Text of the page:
The District Court had diversity jurisdiction pursuant to 28 U.S.C. § 1332, and we have jurisdiction over the appeal under 28 U.S.C. § 1291. Our review of a district court's grant of summary judgment is plenary, and we must apply the same standard the district court was required to apply under Federal Rule of Civil Procedure 56(c). Smith v. Johnson & Johnson, 593 F.3d 280, 284 (3d Cir. 2010). Thus, we can affirm only "if the pleadings, the discovery and disclosure materials on file, and any affidavits show that there is no genuine issue as to any material fact and that the movant is entitled to judgment as a matter of law." Fed. R. Civ. P. 56(c)(2). A genuine issue of material fact exists if there is sufficient evidence favoring the nonmoving party for a jury to return a verdict for that party. Anderson v. Liberty Lobby, Inc., 477 U.S. 242, 249 (1986). In evaluating the evidence, "we must view the facts in the light most favorable to the nonmoving party and draw all inferences in that party's favor." Norfolk S. Ry. Co. v. Basell USA Inc., 512 F.3d 86 (3d Cir. 2008) (internal quotation marks omitted). Furthermore, because the determination of whether a duty of care exists is a question of law, Kleinknecht v. Gettysburg College, 989 F.2d 1360, 1366 (3d Cir. 1993), we have plenary review of the district court's conclusion that ESAB did not owe Spence a duty of care. See Berrier v. Simplicity Mfg., Inc., 563 F.3d 38, 62 (3d Cir. 2009).
As a federal court sitting in diversity, we are required to apply the substantive law of the state whose law governs the action. Erie R.R. Co. v. Tompkins, 304 U.S. 64, 78 (1938). The parties agree that Pennsylvania law governs this dispute.
When ascertaining Pennsylvania law, the decisions of the Pennsylvania Supreme Court are the authoritative source. State Farm Mut. Auto Ins. Co. v. Coviello, 233 F.3d 710, 713 (3d Cir. 2000). In the absence of a controlling decision by the Pennsylvania Supreme Court, we must predict how it would rule if faced with the issue. Covington v. Cont'l Gen. Tire, Inc., 381 F.3d 216, 218 (3d Cir. 2004). In making such a prediction, "we must look to decisions of state intermediate appellate courts, of federal courts interpreting that state's law, and of other state supreme courts that have addressed the issue," as well as to "analogous decisions, considered dicta, scholarly works, and any other reliable data tending convincingly to show how the highest court in the state would decide the issue at hand." Norfolk S. Ry. Co., 512 F.3d at 92 (internal quotation marks omitted). We must be mindful that "our duty is to apply state law . . . irrespective of what we may regard as its merits," Krauss v. Greenbarg, 137 F.2d 569, 571 (3d Cir. 1943); we may not impose our own view of what state law should be, McKenna v. Pac. Rail Serv., 32 F.3d 820, 825 (3d Cir. 1994), nor "expand state law in ways not foreshadowed by state precedent." City of Philadelphia v. Beretta U.S.A. Corp., 277 F.3d 415, 421 (3d Cir. 2002).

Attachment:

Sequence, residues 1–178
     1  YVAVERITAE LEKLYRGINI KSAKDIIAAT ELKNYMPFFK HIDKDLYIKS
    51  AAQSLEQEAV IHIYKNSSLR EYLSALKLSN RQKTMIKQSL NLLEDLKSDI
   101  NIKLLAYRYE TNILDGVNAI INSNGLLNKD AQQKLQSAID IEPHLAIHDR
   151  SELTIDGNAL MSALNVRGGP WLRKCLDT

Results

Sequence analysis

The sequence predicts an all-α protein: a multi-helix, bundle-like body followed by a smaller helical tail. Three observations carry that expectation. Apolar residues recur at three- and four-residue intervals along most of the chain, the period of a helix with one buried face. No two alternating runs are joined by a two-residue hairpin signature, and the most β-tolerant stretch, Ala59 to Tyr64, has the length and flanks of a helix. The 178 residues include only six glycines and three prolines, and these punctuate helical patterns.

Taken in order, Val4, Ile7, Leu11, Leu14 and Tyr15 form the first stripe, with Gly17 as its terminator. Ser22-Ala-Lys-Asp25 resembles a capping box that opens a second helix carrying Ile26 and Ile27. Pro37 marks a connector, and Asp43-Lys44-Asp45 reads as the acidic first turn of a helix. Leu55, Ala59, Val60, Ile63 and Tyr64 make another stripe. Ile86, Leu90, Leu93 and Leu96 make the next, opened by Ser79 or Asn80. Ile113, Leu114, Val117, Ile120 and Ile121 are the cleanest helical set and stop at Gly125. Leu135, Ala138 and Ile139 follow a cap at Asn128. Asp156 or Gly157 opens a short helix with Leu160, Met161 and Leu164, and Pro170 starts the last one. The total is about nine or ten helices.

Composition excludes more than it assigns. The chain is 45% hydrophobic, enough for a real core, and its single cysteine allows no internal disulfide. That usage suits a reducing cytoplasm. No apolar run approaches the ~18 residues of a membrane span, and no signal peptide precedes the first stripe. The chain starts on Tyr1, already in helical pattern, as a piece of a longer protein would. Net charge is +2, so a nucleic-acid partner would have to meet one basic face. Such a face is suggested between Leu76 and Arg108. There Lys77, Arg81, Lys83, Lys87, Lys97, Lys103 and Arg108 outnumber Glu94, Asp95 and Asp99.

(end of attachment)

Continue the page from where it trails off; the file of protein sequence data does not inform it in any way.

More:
"The primary element in any negligence cause of action is that the defendant owes a duty of care to the plaintiff." Althaus ex rel. Althaus v. Cohen, 756 A.2d 1166, 1168--69 (Pa. 2000). As explained by the Pennsylvania Supreme Court:
The determination of whether a duty exists in a particular case involves the weighing of several discrete factors which include: (1) the relationship between the parties; (2) the social utility of the actor's conduct; (3) the nature of the risk imposed and foreseeability of the harm incurred; (4) the consequences of imposing a duty upon the actor; and (5) the overall public interest in the proposed solution.
Pennsylvania has adopted a number of provisions of the Restatement (Second) of Torts to inform the consideration of these factors. One such provision is § 323. See Gradel v. Inouye, 421 A.2d 674, 677 (Pa. 1980) ("Section 323(a) of the Restatement [(Second)] of Torts has been part of the law of Pennsylvania for many years."). That section provides:
One who undertakes, gratuitously or for consideration, to render services to another which he should recognize as necessary for the protection of the other's person or things, is subject to liability to the other for physical harm resulting from his failure to exercise reasonable care to perform his undertaking, if
(a) his failure to exercise such care increases the risk of such harm, or